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“Google is Slowly Killing Blogging!” Google Snaps Back, “Stop Writing for Search Engines!”


Things got a bit heated when I spoke my mind on Twitter yesterday.

I’ve been blogging for 12 years and to say that Google hasn’t altered the blogosphere would be disingenuous. Google rewards certain activities of bloggers by sending them more or less traffic.

As bloggers, we’ve learned like Pavlov’s dog which activity brings the rewards.

I was feeling a bit salty yesterday and posted the following on Twitter,

Google is slowly killing blogging.

Blogging used to be about providing off the cuff updates, sharing unique perspectives, and interacting with blog comments!

Now Google has forced bloggers to make everything SEO optimized, long form, and tightly focused around a single keyword.

If you don’t bow to Google’s will, you don’t get traffic!

Now, with the Helpful Content Update, they’ve gone so far as to say that “unhelpful” articles on your site can penalize your ENTIRE site!

This is ludicrous.

If you wrote about a personal update or something just “fun”, does this now make your entire site “unhelpful”?

So, we have moved “blogging” in the traditional sense away from our site and onto social media. Twitter, LinkedIn, Facebook, or wherever is now where you get the real “blog” updates.

You no longer get that on blogs, no more true insights, because heaven forbid Google deems a post as unhelpful and penalizes your entire site.

The ironic thing?

Google ranks Reddit extremely well BECAUSE people are providing off the cuff comments and doing what bloggers used to do!

So, Google is killing the individual bloggers, but sending tons of traffic to a major corporation (Reddit) instead, because Reddit users are doing what bloggers used to do. Thanks for crushing traditional blogging, Google.

(PS – what you just read is the type of thing I used to write on my blog, but I can’t do that anymore…).

Spencer Haws, Salty Twitter User

google snaps back, sparks outrage

Google took notice!

The official Google Search Liason Twitter (Danny Sullivan) account stepped in to try and clarify things. However, they poked a hornet’s nest of angry bloggers that just piled on comment after comment.

Here’s what Google said,

Writing about something that’s fun, or a personal update, or whatever anyone wants to write about on their blog is not an issue. We haven’t said don’t do that. Nor do blogs don’t have to somehow only about one particular topic.

Perspectives & experience are welcomed, as we’ve talked about before as to why E-A-T became E-E-A-T: https://developers.google.com/search/blog/2022/12/google-raters-guidelines-e-e-a-t…

Unhelpful content is content that’s generally written *for search engine rankings* and not for a human audience. If your audience wants to know about what fun thing you did today, and that’s why you wrote it — that’s helpful.

Write away! Write about anything that you think human beings coming directly to your blog would like to hear about. That’s all great. But if you wrote “20 fun things you can do today” because your *primary purpose* in doing so that you wanted to *rank well* for “fun things” rather than this being something you’d typically write about, that can be a sign you’re producing unhelpful content.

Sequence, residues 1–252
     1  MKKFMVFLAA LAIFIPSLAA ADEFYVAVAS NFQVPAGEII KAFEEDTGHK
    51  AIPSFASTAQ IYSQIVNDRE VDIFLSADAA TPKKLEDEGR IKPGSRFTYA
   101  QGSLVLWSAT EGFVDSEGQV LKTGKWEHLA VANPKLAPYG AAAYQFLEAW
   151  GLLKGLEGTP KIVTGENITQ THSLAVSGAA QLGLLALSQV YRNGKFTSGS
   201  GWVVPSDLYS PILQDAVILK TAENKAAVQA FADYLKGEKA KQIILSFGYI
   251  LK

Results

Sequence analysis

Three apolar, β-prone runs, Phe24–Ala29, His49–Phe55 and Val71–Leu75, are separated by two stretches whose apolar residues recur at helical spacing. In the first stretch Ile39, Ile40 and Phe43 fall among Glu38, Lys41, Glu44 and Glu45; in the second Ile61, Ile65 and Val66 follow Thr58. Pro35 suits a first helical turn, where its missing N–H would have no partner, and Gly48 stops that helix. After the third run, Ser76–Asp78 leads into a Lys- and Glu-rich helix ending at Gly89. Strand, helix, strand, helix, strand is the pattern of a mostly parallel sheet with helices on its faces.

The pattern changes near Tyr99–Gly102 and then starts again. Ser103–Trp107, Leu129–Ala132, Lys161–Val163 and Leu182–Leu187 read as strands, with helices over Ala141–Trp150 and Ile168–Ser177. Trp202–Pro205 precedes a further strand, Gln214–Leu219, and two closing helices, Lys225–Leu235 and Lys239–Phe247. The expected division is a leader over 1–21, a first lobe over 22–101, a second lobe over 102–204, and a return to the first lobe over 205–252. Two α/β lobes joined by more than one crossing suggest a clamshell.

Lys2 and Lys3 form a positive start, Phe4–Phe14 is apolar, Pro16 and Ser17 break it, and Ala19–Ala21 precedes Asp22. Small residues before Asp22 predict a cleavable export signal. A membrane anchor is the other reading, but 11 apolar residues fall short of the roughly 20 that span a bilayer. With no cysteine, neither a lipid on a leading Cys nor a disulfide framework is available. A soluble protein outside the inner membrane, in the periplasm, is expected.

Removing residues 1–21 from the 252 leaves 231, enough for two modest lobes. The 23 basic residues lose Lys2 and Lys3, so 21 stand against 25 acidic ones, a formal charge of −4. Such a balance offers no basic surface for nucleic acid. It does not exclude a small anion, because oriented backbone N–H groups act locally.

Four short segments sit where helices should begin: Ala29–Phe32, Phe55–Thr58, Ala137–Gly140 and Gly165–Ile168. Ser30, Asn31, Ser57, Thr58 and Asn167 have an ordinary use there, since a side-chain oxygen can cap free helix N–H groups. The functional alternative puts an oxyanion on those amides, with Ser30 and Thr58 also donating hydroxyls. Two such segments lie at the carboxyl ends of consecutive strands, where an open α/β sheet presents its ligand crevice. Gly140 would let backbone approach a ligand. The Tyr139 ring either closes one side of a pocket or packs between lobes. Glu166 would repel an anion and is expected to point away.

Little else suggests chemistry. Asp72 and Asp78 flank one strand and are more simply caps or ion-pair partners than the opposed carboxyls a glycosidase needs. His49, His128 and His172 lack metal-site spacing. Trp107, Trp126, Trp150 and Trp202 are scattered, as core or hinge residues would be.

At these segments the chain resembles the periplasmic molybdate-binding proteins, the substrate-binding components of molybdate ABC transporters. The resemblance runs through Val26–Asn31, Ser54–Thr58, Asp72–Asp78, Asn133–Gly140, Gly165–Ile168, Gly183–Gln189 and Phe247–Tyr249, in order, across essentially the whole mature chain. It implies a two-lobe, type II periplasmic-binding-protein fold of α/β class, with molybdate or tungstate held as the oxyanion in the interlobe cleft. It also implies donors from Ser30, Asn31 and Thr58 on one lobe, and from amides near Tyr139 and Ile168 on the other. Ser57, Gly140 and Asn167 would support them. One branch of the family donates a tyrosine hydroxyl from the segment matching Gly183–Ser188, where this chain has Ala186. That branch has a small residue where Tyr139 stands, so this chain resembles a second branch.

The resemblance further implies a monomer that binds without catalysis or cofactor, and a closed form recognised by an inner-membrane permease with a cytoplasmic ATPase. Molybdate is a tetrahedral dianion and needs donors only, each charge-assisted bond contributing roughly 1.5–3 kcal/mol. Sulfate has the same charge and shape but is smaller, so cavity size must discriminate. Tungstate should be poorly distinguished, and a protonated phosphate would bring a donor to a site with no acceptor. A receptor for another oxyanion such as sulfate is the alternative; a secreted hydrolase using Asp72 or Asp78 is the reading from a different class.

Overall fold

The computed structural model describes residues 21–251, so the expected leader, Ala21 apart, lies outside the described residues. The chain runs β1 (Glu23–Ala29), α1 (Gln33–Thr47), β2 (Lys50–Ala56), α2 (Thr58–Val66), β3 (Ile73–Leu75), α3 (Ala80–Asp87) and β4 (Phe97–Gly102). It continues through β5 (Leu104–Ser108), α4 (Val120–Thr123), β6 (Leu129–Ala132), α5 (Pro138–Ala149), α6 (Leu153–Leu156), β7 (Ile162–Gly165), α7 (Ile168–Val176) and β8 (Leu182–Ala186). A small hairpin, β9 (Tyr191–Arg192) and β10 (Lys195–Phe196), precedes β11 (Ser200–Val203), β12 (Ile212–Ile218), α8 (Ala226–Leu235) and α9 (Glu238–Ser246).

It wasn’t something you wrote for you. It wasn’t something you wrote for your audience. It was something you wrote for search ranking purposes — and that often can align with unhelpful content.

For more, this is our guide about how to create helpful, people-first content: https://developers.google.com/search/docs/fundamentals/creating-helpful-content

Danny Sullivan, Google Search Liason

Google Says, “Don’t Write for Search Engines”

Google vs Twitter

In essence, Google is saying, “Don’t Write for Search Engines”.

But Twitter did not like this response at all. Several examples were shared where sites that are clearly written for search engines rank extremely well (notably Forbes, CNN, Tom’s Guide, CNET, and Business Insider).

Google tried to respond that if a BBQ site tries to write about BBQ pellets with the intent to “rank for BBQ pellets”, then their content might be deemed unhelpful.

I think Tony Hill summarized some of my thoughts better than I could have in explaining how Google has really “trained” bloggers over the years to do what gets traffic.

write for humans and search engines?

At the end of the day, you should ABSOLUTELY write for humans! As bloggers, we want humans to read our content.

But the difficulty is that we know that most HUMANS go to Google to find stuff that they want.

So, if you don’t write your content in a way that your audience can find it on search engines, then you don’t get the human readers that you wanted in the first place.

So, as bloggers, we are in a bit of a pickle.

Google says, “Don’t write for Search Engines”.

And we don’t! We write for humans!

If the people I want to read my content are interested in “side hustles”, I know that most people go to Google to search for side hustles.

So, if I want people to read my content that is about side hustles, I know my site has to do well on Google.

And so the never-ending push and pull goes between Google and bloggers.

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